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Foxfield Derby Rides in an Exclusive League

October 12, 1989|SHANNON FARLEY | TIMES STAFF WRITER

They came from as far away as Napa Valley and Arizona to attend the exclusive jumping derby.

Professionals accustomed to competing in the World Cup, Grand Prix and Olympics came to ride against amateurs at the annual Foxfield Jumping Derby on Sunday at the Foxfield Riding School in Westlake Village.

The event has put the Conejo Valley bedroom community in an exclusive league.

Only a few derby competitions are held throughout the world each year. The oldest and most prestigious events are in Hickstead, England, and Hamburg, West Germany. The Foxfield derby is one of only two in the United States.

A jumping derby is different from traditional show-ring competitions because of the obstacles that are used. Derbies use logs, water, natural inclines and ditches, which are intermixed with the fence-type jumps that are found in show-ring events.

Show-ring contests are particularly popular on the East Coast, where winners can take purses as rich as $500,000. In California, prizes on the show-ring circuit often reach only $15,000.

Tim Postel, who designed the derby course and has run Foxfield Riding School with his family for 22 years, said the Westlake locale is unique because it has a permanently natural, woodsy environment that is required for derby competitions.

"There's nothing else in California like it," said Susan Hutchinson, winner of Sunday's jumping derby, which was sponsored by a Westlake car dealer.

Hutchinson rode Rangoon, a Holsteiner horse from her home stable in La Canada Flintridge. In addition to a trophy, she won $2,000.

Hutchinson, who has been riding for 31 years, has been a member of the U. S. Equestrian Team and competed at the World Cup in Sweden and Paris. She said the uniqueness of the event is what draws her to compete at Foxfield, where she also won in 1982, 1983 and 1988.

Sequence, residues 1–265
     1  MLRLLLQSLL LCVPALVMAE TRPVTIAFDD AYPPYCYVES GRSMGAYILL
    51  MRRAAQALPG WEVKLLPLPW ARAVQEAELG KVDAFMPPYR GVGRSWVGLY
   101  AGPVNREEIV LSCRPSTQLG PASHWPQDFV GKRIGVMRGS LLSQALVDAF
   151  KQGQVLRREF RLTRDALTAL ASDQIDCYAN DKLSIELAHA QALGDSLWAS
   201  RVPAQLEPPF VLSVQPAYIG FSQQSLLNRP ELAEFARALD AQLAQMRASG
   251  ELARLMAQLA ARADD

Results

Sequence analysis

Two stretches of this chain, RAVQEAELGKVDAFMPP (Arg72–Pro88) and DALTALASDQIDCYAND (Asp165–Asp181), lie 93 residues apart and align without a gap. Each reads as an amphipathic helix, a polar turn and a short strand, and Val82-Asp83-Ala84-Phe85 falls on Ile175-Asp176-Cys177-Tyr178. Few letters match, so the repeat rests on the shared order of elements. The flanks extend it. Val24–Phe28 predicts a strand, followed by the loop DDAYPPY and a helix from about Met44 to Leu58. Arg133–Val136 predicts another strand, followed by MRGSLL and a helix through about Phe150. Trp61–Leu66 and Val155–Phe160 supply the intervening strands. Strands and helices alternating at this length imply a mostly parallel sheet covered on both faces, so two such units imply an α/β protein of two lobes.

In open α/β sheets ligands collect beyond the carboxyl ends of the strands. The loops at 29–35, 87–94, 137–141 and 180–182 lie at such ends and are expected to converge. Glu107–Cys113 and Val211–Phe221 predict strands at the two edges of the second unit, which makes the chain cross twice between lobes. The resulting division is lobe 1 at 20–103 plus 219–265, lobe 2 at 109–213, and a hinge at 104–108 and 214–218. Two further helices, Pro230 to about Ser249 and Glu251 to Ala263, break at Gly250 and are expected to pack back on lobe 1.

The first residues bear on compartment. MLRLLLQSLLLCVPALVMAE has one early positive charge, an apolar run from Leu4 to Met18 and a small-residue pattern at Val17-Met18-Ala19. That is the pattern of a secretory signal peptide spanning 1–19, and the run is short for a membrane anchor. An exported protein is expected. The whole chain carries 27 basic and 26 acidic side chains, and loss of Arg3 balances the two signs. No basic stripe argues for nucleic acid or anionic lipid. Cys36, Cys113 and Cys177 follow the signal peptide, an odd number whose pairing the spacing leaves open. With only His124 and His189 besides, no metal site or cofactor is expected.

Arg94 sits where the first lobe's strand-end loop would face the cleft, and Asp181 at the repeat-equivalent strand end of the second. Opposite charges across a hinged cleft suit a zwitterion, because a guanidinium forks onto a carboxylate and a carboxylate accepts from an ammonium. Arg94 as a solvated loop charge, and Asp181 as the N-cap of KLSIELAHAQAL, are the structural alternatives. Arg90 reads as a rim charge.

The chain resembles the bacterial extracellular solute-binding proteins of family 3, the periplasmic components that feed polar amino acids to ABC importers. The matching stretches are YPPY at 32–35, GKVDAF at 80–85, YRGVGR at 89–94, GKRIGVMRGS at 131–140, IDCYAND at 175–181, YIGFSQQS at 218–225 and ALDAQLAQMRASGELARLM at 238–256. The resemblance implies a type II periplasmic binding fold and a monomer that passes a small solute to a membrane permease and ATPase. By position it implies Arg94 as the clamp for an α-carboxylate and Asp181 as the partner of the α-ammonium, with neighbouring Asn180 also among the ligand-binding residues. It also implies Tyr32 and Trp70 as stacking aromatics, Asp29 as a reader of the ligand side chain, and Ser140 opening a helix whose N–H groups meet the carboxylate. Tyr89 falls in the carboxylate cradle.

That uniqueness attracted a crowd of parents, friends and sponsors Sunday. Many sipped wine and snacked on Brie while lounging under shady oaks and watching well-groomed horses--and well-groomed riders--maneuver through the obstacles.

The main event followed the Junior and Amateur Jumping Derby, sponsored by a Calabasas saddlery, which fielded 61 riders on 69 horses.

Julie Eldredge, 29, of Hollister won the event on her thoroughbred Rainmaker. Her prize was a $3,000 saddle, a trophy and $710 in cash. She said she has won jumping events at the Monterey national competition and the State Fair in Sacramento.

Thirty-eight riders competed in the main derby. Horses were eligible only if they had not placed fifth or better in any previous event offering more than $15,000 in prizes.

Hutchinson said because of this classification, the derby is more demanding for professional riders who are trying to give young horses experience in competition.

The triple combination, three fences in a row, proved to be the most troublesome obstacle.

Postel had put a water jump, which many horses are not familiar with, under the second fence to separate the well-schooled from the inexperienced. Most of the afternoon riders had no problem with the obstacle--although some of the junior riders took tumbles into the water.

In a derby, jumpers are judged in the first round on faults, which include refusals and the number of rails that are knocked down. Other factors, including riders or horses falling or exceeding the time limit, also are judged as faults.

In the last round, called a jump-off, the rider with the fastest time and least number of faults wins. The average rider completes the course in 90 to 120 seconds; horses typically cover the course at a speed of about 12 m.p.h.

Postel, who has been designing competition courses about 12 years, brought the derby to Foxfield because "I wanted to do something different that wasn't being done everywhere on a weekly basis."

He said the derby is a training ground for young riders hoping to become world-class competitors. The 24-jump layout has 4-foot-high obstacles for advanced horse-and-rider teams. Novices face 3-foot, 9-inch obstacles.

The variety of obstacles makes the course challenging for both horse and rider.

But for spectators, it's just plain fun, Postel said.

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